Concerns first emerged about the future of the Renault-Nissan partnership after the November 2018 arrest in Japan of Carlos Ghosn.
The logos of car manufacturers Renault and Nissan are seen in front of dealerships of the companies in Reims, France, July 9, 2019.
(Image: REUTERS/Christian Hartmann/File Photo)
Shares in Renault recovered some lost ground after the French carmaker and its Japanese partner Nissan Motor rejected media reports that their alliance was in danger of being dissolved. Growing concerns about the state of the 20-year old French-Japanese alliance, forged by former boss turned fugitive Carlos Ghosn, had sent Renault and Nissan’s shares skidding to multi-year lows. At the opening of trading in Paris on Tuesday, Renault shares rose 1.3 percent, before falling back slightly to trade up 0.49 percent by 08:23 GMT.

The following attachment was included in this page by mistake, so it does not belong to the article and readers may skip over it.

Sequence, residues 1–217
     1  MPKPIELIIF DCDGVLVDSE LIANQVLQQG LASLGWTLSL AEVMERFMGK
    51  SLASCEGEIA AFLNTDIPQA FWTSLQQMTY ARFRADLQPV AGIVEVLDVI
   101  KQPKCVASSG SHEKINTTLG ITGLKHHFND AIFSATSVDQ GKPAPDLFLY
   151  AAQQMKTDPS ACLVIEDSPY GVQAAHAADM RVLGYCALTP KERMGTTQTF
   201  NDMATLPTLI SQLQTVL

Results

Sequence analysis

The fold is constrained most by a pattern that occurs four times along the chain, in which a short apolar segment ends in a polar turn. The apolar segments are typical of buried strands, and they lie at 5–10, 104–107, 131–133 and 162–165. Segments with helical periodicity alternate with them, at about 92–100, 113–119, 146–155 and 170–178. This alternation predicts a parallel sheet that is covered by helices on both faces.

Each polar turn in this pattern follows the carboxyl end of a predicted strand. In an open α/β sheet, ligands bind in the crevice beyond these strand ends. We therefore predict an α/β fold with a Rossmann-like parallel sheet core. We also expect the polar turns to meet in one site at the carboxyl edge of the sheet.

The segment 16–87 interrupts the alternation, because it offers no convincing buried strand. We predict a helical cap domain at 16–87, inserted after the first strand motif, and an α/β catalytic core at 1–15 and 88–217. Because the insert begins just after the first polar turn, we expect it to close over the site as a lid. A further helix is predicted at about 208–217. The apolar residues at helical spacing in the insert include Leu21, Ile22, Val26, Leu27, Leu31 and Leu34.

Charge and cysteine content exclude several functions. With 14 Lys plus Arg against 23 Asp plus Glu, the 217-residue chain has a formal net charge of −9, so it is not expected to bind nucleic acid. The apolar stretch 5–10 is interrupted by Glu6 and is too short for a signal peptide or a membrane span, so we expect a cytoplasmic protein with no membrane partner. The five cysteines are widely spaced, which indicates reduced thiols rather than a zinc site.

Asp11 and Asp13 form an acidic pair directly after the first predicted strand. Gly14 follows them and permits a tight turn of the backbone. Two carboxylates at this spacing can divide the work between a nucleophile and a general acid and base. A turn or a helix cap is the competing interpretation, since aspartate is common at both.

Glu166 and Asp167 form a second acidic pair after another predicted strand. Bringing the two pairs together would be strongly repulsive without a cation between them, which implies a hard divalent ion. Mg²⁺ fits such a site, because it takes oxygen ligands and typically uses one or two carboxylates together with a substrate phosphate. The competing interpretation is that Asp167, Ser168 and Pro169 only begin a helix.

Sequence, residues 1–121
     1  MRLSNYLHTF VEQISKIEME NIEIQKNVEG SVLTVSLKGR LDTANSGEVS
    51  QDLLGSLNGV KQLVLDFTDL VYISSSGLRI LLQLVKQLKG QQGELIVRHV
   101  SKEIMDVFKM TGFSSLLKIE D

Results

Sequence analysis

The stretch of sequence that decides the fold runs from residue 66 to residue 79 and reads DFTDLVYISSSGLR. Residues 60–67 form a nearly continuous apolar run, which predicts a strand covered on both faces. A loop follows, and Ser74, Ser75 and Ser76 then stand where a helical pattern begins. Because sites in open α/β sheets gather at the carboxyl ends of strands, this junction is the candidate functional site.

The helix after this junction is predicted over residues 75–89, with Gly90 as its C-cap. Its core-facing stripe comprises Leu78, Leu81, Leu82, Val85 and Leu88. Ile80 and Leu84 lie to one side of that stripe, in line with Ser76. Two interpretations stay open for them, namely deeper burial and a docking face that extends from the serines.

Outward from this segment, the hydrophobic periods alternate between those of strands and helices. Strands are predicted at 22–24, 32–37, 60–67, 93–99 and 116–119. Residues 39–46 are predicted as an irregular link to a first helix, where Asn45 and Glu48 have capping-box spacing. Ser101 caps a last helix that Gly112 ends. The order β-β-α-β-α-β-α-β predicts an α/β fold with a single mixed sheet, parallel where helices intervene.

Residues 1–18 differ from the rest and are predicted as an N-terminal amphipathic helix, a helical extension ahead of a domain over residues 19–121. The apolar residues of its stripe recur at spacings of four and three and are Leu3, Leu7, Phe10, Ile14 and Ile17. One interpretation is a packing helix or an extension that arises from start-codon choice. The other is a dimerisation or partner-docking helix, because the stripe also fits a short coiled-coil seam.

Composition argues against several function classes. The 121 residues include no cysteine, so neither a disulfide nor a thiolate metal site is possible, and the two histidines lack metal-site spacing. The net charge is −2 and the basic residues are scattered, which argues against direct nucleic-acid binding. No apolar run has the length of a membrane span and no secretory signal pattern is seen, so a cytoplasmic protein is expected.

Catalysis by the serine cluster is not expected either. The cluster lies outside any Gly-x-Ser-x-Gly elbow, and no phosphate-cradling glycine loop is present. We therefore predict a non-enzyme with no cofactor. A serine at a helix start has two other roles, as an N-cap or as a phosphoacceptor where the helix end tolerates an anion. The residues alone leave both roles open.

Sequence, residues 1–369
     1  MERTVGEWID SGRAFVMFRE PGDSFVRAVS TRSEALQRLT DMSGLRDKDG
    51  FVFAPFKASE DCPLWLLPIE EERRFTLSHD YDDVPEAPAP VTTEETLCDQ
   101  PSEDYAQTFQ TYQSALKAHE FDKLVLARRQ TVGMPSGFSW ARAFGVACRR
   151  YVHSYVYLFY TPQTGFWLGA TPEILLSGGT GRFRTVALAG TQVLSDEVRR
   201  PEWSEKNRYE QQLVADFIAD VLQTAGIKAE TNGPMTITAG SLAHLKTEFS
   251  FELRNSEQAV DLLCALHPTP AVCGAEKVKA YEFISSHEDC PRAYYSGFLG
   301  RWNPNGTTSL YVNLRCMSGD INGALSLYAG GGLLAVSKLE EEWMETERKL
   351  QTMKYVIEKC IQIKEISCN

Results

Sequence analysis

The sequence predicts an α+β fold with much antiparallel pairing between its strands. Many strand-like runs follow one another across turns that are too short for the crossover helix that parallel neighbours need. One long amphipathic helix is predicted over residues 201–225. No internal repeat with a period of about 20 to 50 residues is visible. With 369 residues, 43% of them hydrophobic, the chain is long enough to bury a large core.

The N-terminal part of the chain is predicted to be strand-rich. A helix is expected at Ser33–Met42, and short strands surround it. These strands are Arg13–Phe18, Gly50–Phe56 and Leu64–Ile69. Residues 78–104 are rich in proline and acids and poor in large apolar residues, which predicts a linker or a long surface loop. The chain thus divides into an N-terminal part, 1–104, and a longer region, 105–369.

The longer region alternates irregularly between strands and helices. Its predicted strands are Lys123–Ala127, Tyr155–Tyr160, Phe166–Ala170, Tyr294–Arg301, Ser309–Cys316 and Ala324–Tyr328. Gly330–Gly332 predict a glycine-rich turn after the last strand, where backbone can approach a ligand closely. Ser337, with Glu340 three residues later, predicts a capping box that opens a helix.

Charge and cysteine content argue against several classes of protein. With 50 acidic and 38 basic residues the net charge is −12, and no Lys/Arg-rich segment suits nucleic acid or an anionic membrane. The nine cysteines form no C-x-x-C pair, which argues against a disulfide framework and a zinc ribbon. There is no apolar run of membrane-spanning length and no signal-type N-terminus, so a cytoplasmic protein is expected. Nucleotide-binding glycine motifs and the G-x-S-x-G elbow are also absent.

The alliance, which also includes Japan’s Mitsubishi Motors Corp, is “solid, robust, everything but dead,” the chairman of Renault, Jean-Philippe Senard, told Belgian newspaper L’Echo. French Finance Minister Bruno Le Maire also weighed in, saying reports some executives wanted to break up the alliance were “malicious.” Speaking to France’s CNews TV, he also said he expected Renault to name a new chief executive within days to replace Thierry Bollore, a Ghosn-era appointee who was ousted in October.